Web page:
Open letter to my 18 year old sister: what I wish I knew before starting university (part 1)
One of the things I looked forward to the most about attending university was freedom, absolute freedom. The ability to live on my own in a new part of the uk and make decisions on how to spend my money and time. I believe that I still worked harder than my peers and received mostly 2:1’s and firsts in most of my modules whilst still completing relevant work experience.
However, often with great power comes great irresponsibility. There are so many things I wish I knew or thought about seriously whilst I was at university and some of these things I want to share with you…
- Save your money — student loan will probably be the only time in your life where you will receive large chunks of money with little responsibility. Once you have paid for your accommodation and budgeted for food and going out, you should have some money left over. If you put that in an ISA (usually free from tax if you are a student) after 3–4 years in university that money will increase. And trust me after you graduate that will really help for things like a flat deposit, a car, a business idea etc.
- Get a part time job — This kind of ties in with number one. There are so many part time retail jobs available, tutoring or even working on campus at your university. Again with this money make sure that after you have budgeted for the basics you put the rest in a savings account. For example, working 2 days a week (16 hours) for £6.20 = £396.80, if you save £200 of that each month over three years = £7,200 (not including interest). And that money is your from your pay check alone and not including any extra saved from your student loan.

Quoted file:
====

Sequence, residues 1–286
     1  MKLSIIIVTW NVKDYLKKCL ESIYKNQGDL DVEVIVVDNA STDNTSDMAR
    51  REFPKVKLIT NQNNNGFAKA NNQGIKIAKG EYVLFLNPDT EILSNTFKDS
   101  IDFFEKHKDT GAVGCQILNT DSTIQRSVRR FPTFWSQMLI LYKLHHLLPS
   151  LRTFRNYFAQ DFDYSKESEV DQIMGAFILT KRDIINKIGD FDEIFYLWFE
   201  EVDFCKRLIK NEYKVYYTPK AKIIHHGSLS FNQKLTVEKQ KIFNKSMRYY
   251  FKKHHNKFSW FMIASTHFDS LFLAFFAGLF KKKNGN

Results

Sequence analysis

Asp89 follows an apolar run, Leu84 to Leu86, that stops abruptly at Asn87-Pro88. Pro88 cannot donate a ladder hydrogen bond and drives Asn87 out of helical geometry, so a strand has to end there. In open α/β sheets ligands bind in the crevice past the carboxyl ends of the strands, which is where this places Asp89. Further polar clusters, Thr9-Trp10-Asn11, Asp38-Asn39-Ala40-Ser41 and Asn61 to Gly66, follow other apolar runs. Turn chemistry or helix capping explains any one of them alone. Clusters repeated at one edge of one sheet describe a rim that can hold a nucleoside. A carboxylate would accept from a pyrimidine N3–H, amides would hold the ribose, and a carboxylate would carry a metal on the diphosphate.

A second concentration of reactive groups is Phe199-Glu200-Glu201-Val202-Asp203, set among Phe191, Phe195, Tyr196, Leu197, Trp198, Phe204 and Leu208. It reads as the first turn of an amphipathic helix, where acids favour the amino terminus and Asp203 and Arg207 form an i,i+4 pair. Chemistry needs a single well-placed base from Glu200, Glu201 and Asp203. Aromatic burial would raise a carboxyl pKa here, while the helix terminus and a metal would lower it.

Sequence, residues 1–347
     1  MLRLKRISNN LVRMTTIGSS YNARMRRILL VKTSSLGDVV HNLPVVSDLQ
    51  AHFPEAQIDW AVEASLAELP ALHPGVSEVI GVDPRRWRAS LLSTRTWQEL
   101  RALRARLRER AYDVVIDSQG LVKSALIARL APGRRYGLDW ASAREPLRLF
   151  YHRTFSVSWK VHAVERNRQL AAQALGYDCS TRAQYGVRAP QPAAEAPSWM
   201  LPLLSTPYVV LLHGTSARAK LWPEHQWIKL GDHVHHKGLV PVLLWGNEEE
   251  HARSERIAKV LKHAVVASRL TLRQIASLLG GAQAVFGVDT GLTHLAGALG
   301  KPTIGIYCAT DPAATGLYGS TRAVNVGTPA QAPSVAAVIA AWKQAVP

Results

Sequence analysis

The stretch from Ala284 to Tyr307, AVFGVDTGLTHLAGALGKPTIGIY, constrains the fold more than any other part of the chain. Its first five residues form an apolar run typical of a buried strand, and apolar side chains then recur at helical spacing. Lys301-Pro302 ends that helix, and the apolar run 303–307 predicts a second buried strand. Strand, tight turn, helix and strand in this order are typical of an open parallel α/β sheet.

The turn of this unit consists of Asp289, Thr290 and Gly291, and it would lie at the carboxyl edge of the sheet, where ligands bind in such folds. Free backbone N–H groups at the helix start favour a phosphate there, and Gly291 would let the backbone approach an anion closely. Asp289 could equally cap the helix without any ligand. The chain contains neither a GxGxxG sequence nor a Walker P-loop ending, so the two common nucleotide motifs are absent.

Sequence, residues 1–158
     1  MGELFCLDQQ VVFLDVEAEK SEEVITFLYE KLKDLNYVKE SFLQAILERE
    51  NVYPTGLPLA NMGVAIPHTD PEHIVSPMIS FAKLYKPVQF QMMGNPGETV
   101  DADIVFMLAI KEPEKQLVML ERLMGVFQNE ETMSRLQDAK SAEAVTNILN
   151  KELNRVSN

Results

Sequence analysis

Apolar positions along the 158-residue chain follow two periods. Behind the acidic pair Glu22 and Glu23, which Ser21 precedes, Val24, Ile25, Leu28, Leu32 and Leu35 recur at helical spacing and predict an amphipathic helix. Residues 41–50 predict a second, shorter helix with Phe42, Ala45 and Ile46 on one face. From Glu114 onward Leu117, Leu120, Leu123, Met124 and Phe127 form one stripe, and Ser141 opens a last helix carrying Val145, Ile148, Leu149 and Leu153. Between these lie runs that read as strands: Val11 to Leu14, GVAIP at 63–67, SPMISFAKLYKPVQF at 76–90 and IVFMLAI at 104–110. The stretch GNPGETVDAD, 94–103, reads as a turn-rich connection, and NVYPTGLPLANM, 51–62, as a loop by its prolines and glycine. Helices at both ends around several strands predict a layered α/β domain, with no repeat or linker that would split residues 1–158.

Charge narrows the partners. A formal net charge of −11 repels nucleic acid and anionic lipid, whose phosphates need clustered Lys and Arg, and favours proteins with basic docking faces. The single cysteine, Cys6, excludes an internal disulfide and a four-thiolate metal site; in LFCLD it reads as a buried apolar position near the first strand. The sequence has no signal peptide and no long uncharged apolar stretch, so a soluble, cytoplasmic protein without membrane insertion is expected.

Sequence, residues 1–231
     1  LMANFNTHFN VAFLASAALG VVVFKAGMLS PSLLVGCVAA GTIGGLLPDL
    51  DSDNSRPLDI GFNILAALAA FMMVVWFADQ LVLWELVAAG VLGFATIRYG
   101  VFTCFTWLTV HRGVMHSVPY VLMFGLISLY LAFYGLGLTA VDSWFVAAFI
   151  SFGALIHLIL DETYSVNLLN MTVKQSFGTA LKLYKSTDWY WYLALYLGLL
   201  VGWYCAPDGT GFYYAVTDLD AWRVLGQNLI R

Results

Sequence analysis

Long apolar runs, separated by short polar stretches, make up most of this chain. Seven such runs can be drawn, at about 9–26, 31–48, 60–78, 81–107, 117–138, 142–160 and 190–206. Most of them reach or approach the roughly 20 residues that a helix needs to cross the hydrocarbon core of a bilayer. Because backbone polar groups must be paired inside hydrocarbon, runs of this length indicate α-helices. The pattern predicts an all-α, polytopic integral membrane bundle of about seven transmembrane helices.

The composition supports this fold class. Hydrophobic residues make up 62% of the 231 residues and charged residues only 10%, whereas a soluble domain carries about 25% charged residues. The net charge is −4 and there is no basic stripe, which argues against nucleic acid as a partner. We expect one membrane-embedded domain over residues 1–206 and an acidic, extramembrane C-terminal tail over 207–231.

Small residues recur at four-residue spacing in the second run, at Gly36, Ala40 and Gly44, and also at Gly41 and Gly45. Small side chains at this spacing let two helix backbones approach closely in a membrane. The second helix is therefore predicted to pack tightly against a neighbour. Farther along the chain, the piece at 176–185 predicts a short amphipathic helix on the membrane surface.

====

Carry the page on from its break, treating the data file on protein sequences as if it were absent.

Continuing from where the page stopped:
- Cook in bulk — The more you prep your meals and cook in bulk (and freeze) the better. This saves so much money in the long run (and avoids spending money on takeaway) and is also much healthier.
- Get work relevant work experience in the field you want to work in — and by this I do not mean for 2 weeks in a random company. There are roughly 1,727,895 students attending university every year. Which means there will be a high level of competition for jobs, therefore you need more than a degree to stand out from other applicants. This involves being pro-active! Contact different companies, use the job shop at your university, offer to work for free and whilst you’re in the job ask for as many opportunities as possible. If you find a good company that gives you decent experience, ask them if you can come back every summer or every university holiday. This will give you three years+ of work experience, a good reference, contacts and will hopefully make finding a paid job after graduating much easier. The company may even hire you!
- Get good grades (even in first year) — university is expensive to attend and the whole purpose is to get the knowledge and the grades needed to get the job you want. Everyone has different academic abilities but there are things you can do to ensure you get the best grade possible. A few of these things are; starting your work early (even if you are writing in note form as you are reading), get someone outside your course (or in a higher year) to proof read your work, surround yourself with good students, try and see an example of an A grade/first class essay, if you do not understand the assignment question ask/email/book a meeting with the lecturer (you are paying £9,000 a year, you have the right to do this), reference academic journals and make sure they are saying what you say they are saying and make sure you are answering the question! Lastly, if you get a bad grade read the feedback and find out why so you can improve.
“Hard work beats talent when talent doesn’t work hard”
As this post is getting quite long I will include a part 2 about friendships/relationships, publications and housing.